Congressional Calendar Hinders Farm Bill

Time dwindling for farm bill passage as Congress has full schedule with budget and debt fights and vote on Syria.

Congress returns Sept. 9 after its August recess, but with just nine Congressional working days in September and a new issue – potential military action in Syria – added to the already exhaustive list of things to tackle, it’s unlikely a new, long-term farm bill will be approved any time soon.

House Speaker John A. Boehner, R-Ohio, has said that the 113th Congress should not be judged by the number of laws it passed, but by the number of laws it repealed. To date, only 31 bills have reached the President's desk this year, and many of those were insignificant regarding the major challenges that face the nation.

The farm bill floundered this summer over political divide in the House. When the House returns Republicans have said the nutrition section of the farm bill will come up early in the time back. Boehner has said he'll name farm bill conferees once that bill is voted on, whether or not it gets an up or down vote. House Majority Leader Eric Cantor, R-Va., who has been blamed for tanking the farm bill earlier this summer, retracted some of those promises, calling into question whether he will only allow for a conference even if a nutrition bill fails.

The farm-only farm bill was able to garner the necessary Republican votes, so we'll see if the leadership can again get its caucus in line to do the same with the nutrition bill with $40 billion in 10-year cuts. And if not, will it still allow conference to commence since even Republicans in the Senate know $40 billion in nutrition cuts is nowhere realistic?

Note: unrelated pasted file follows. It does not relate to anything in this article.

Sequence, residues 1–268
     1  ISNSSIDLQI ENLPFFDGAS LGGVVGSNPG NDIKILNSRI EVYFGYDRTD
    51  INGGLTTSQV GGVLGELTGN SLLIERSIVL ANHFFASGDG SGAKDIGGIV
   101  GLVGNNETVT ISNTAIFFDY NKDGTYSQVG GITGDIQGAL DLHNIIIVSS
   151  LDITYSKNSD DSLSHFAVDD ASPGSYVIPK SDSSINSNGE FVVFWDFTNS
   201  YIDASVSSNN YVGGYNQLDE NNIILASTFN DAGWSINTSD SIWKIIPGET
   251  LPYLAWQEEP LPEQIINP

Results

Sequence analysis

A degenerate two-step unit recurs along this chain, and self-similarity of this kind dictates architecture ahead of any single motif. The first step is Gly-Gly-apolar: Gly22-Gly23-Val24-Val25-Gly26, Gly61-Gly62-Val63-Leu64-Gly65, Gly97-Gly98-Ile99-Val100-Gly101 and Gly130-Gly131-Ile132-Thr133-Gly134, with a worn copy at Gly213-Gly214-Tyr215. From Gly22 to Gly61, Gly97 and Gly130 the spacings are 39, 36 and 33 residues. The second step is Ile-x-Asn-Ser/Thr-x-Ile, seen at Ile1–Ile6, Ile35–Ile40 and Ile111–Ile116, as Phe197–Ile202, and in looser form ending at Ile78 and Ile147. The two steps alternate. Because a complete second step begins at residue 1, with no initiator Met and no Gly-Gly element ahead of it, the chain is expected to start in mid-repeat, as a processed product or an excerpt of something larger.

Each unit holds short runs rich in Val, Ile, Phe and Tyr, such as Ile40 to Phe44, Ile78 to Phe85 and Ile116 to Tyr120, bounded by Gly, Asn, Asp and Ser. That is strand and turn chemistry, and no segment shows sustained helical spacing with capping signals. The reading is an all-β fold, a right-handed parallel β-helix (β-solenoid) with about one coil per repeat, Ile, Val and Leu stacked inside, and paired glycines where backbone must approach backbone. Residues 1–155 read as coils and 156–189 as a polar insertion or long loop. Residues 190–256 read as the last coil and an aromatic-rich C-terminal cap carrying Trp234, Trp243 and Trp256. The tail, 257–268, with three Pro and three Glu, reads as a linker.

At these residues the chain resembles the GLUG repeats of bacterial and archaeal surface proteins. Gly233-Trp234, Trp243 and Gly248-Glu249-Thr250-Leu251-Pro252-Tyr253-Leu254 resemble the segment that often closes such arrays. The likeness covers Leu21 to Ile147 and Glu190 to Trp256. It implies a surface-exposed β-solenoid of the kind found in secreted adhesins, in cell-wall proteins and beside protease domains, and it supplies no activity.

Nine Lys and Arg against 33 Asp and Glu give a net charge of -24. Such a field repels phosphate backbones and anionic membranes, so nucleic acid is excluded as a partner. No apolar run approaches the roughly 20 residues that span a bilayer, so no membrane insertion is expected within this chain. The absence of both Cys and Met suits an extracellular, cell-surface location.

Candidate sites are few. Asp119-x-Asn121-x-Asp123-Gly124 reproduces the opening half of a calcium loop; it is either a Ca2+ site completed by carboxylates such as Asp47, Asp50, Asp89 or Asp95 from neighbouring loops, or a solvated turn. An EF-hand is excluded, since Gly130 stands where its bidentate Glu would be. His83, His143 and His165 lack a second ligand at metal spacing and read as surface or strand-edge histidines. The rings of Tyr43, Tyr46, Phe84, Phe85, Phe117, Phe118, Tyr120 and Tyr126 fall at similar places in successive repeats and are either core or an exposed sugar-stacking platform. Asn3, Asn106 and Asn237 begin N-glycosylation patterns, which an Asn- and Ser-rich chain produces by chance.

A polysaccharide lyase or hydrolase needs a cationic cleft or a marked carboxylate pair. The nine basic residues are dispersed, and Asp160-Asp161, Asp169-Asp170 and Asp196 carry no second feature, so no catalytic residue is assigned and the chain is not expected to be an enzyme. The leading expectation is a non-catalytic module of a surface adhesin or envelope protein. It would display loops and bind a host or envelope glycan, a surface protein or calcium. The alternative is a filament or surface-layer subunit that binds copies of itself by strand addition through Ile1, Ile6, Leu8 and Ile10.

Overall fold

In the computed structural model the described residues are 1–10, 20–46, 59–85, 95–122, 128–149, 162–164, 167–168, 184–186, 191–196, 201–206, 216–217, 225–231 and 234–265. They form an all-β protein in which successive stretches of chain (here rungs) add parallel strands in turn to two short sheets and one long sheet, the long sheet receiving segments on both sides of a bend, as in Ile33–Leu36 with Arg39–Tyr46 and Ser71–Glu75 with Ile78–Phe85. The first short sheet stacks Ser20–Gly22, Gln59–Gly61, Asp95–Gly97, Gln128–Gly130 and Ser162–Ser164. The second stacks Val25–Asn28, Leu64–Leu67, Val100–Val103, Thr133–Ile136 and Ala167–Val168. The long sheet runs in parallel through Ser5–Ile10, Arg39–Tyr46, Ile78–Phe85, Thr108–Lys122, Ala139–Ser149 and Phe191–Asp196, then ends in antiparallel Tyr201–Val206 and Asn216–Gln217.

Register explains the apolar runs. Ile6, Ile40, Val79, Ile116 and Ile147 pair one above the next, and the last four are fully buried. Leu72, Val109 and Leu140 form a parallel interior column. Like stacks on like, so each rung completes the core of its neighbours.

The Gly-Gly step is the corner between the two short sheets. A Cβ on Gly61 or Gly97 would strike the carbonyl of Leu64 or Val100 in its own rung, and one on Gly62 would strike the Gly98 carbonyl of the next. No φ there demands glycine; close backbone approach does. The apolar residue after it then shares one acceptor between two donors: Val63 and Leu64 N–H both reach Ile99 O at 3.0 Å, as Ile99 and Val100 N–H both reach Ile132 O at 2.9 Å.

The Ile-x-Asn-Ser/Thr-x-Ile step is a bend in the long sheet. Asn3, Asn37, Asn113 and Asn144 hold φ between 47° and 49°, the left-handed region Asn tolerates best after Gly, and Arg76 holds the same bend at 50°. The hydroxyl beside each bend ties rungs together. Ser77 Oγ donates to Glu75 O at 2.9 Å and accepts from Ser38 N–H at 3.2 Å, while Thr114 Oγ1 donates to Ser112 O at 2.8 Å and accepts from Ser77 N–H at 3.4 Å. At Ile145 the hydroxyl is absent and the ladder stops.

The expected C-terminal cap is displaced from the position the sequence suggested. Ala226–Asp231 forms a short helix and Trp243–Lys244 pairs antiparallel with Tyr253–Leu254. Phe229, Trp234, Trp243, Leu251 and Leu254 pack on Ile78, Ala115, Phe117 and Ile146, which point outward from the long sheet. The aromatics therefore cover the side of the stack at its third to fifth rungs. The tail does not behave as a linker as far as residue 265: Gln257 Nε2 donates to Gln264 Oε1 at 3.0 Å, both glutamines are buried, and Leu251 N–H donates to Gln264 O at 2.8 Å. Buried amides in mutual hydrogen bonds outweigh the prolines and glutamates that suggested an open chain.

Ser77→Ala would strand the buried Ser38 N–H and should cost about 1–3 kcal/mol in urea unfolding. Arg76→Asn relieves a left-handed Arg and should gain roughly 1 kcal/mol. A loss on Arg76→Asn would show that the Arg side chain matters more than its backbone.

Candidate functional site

More pressing likely during the nine days the House is in session during the month of September will be the budget situation. The president has not received one of the required 12 appropriations bill before funding stops Sept. 30.

Given the serious differences between the House and Senate on spending levels, there's likely no chance they will pass a real budget before fiscal year 2014 starts. Instead, they'll be forced to pass a continuing resolution (again) and will continue the status quo – likely at post-sequestration levels – instead of more closely examining where funds should best be spent.

The Treasury Department told Congress that the federal government will hit its borrowing limit by mid-October, setting up an ideological and fiscal fight about the debt ceiling during the September work period. The anticipated deadline is earlier than previously estimated, though when the government runs out of money is impossible to predict to the day.

A showdown between the Republican-controlled House of Representatives and the Democratic Obama Administration would be just one of many in recent years on the issue, which has become one of the most volatile and symbolic fiscal debates in Washington. Republicans typically call for reducing spending as part of any debt ceiling deal, while President Barack Obama has indicated he will no longer be willing to tie the debt issue to any other decision making, including overall spending levels.
And with the debt-ceiling legislation being one of the potentially few left to pass in 2013, some reports point to trying to include a rewrite of the Renewable Fuels Standard there.

Cantor spokeswoman Megan Whittemore was quoted in Oil Price Information Service, "The majority leader listed a number of options to fix [the RFS], and one option was if we came up with a good bipartisan reform agreement out of the Energy and Commerce committee, then maybe we could try attaching it to a must pass bill like the debt ceiling."

Both Bob Dinneen, president of the Renewable Fuels Association, and the other most powerful ethanol lobbyist Tom Buis, CEO at Growth Energy, both expect efforts to dismantle the RFS this fall, but in the end, will fail.

Buis said the idea is like throwing gasoline on fire, when you include a controversial, yet bipartisan issue into the fiscal debate.

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